Discover Berkeley's network
By Susan Cerny, Special to the Daily
of pedestrian pathways
Berkeley, unlike newer cities, was designed during
the heyday of the electric streetcar, before going
places meant driving a car. Berkeley's hilly residential
subdivisions were designed during the first decade
of the 20th century when the convenience of nearby
streetcar service was an important amenity. In these
hillside locations the standard grid pattern of blocks
and streets was abandoned for winding roads that complimented
and enhanced the undulating hillsides. To make a trip
to the streetcar lines more direct, a network of pedestrian
pathways, some with stairs, was created.
The pathways remain today although many are almost
hidden from view by overhanging foliage or lack of
signage, and some remain unimproved and overgrown.
A group of Berkeley residents interested in maintaining
and improving the pathways created the Berkeley Path
Wanders Association several years ago. The association
has just published a map of Berkeley's 136 paths,
steps and walkways and it is available in stores
for $3.95. The association also sponsors walking
tours and they have a web site (www.berkeleypaths.org)
where this information is available.
A favorite walk for a late summer afternoon, especially
as the sun begins to set, starts at Rose Walk and
ends at the Rose Garden. Take the # 65 bus from downtown
out Euclid Avenue to the bus stop at Rose Walk.
Rose Walk is Berkeley's most beautiful pedestrian
pathway. Although there are other classically designed
walkways in Berkeley (Bancroft Steps and Orchard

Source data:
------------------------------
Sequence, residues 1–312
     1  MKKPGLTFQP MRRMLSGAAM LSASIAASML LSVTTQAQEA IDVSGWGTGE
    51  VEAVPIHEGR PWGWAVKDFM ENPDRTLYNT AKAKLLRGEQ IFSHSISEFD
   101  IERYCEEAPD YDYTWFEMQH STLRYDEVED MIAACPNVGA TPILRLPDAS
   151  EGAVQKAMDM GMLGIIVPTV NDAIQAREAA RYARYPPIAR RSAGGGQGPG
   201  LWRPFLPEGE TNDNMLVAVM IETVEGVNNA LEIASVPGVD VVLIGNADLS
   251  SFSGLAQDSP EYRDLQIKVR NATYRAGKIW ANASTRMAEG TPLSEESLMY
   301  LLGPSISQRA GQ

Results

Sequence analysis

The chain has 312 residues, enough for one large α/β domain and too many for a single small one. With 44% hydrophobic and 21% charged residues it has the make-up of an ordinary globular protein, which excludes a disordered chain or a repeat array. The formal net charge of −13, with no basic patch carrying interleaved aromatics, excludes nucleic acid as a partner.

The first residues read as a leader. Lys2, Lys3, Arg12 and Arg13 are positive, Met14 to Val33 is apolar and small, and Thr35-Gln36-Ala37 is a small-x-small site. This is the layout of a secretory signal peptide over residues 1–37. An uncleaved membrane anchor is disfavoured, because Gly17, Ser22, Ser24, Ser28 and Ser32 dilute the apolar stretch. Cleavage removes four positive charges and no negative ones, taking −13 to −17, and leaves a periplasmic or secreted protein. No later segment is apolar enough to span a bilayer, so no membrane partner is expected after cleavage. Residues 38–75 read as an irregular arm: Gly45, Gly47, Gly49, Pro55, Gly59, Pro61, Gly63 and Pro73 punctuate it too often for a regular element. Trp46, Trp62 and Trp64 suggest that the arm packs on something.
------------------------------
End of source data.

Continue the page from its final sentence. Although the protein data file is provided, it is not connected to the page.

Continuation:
Lane, for example) no other walk achieves the great
aesthetic success of Rose Walk. It is the only pedestrian
pathway where the buildings were designed to create
an ensemble, which integrates the walk with a planned
Rose Walk was designed by Bernard Maybeck and completed
in 1913 by donations from the neighbors. After the
1923 fire the property bordering the walk was purchased
and developed by Dr. and Mrs. Frank Gray, who hired
architect Henry Gutterson to design houses, duplexes,
and cottages on lots adjacent to, and bordering on,
Rose Walk. The complex was built between 1924 and
1936. The walk and cottages are Berkeley Landmarks.
Beginning at Euclid and Rose Walk climb the steps
and walkway connecting Euclid with Le Roy Avenue.
At Le Roy turn left and continue around the corner
to the intersections of LeRoy, Rose Street and Tamalpais.
Continue north on Tamalpais Road about 1/4 mile until
it makes a sharp turn up hill. This is an area that
did not burn in the 1923 fire and there are many
brown shingle houses. On the left are Tamalpais Steps,
indicated by a sign, which will take you steeply
downhill where you will come out at Codornices Park.
On the west side of the park is the only pedestrian
tunnel in Berkeley. After going through the tunnel
you will come out at the Berkeley Rose Garden where
views of the setting sun are spectacular.
Susan Cerny is author of Berkeley Landmarks and
writes this in conjunction with the Berkeley Architectural